Lawmakers Seek to Tame 'Wild West' of Online Gambling

J. Scott Applewhite/AP Photo

Place your bets: Senator Lindsey Graham, R-S.C., and Rep. Jason Chaffetz R-Utha, are going all in to ban online gambling.

It all started two and a half years ago, when the Department of Justice ruled that the Wire Act - which had blocked all online gambling for 50 years - actually only applied to sports betting.

"If there is a case that people want to make for online gambling, they need to come to the Congress," Chaffetz said. "There should not be a single person in the bowels of the Department of Justice reinterpreting law and fundamentally changing the landscape."

The decision opened the floodgates to online gambling, and now, two and a half years after the switch, a bipartisan group of legislators - including Sen. Diane Feinstein, D-Calif., and Sen. Kelly Ayotte, R-N.H., are in a scramble to close them.

"Basically, it's been the wild West out there on the Internet, which is of deep concern and that creates a huge problem for law enforcement," Ayotte said. "Go read the plain text, because it doesn't even fly with the plain text of the Wire Act."

Attorneys general of 15 states - as well as South Carolina Gov. Nikki Haley and potential 2016 presidential candidate Texas Gov. Rick Perry - have added their names to the list of people who want to turn back the clock on online gambling. But not all states are on board; online gambling is an industry that its advocates say can create some major commerce.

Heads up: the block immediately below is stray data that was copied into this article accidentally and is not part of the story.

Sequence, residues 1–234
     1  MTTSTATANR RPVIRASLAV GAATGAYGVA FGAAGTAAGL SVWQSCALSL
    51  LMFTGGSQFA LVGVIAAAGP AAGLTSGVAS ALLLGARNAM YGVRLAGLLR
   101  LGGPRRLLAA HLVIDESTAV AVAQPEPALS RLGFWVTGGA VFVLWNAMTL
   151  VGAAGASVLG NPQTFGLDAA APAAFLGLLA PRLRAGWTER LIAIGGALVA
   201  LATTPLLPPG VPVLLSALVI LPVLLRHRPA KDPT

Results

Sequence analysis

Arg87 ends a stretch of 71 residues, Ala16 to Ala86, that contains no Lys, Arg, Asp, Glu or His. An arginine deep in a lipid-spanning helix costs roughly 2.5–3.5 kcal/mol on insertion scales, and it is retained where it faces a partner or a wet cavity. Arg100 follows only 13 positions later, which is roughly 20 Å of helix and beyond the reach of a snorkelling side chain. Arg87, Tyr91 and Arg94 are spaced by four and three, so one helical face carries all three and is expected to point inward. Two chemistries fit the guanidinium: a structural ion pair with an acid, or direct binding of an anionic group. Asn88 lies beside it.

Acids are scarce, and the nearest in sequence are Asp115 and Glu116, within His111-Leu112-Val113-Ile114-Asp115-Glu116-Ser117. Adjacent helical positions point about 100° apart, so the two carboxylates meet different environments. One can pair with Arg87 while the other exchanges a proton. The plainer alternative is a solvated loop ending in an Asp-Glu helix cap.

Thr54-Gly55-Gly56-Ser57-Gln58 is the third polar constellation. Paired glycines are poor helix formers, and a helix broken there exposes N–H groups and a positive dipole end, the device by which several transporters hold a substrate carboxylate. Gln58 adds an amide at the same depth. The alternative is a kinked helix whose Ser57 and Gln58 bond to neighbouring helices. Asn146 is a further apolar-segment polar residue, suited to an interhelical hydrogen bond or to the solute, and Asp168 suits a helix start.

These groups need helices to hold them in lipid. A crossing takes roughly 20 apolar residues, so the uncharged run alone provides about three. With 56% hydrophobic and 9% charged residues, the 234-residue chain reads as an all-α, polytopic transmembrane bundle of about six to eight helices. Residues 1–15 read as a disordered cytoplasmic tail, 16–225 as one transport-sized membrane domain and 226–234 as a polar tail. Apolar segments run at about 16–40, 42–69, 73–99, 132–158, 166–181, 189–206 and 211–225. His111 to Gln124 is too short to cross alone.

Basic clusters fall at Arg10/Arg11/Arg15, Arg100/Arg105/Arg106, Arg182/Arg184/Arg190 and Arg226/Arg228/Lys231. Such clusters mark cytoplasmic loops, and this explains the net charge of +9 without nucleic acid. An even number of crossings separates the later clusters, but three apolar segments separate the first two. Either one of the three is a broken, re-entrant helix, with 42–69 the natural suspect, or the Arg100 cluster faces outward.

"To say that the Wire Act, after 50 years, only applied to sports betting is an incredible legal stretch," Graham said. "It changes fundamentally the statute…I'll say in South Carolinian: it screwed everything up."

Graham also shot down questions about whether the legislation, which is being introduced two and a half years after the change in policy, was prompted by GOP mega donor Sheldon Adelson, whose brick and mortar casino empire in Las Vegas faces competition from the online gambling industry.

"I would say that Sheldon has aligned himself with most Baptists in South Carolina," Graham quipped. "This is an issue where there will be business issues on both sides. I'm on solid footing with people in South Carolina who I represent."

"The attorney general's office, in my view, made a huge legal misstep here, and those of us in Congress who are worried about the effects of online gaming are going to push back," he said.

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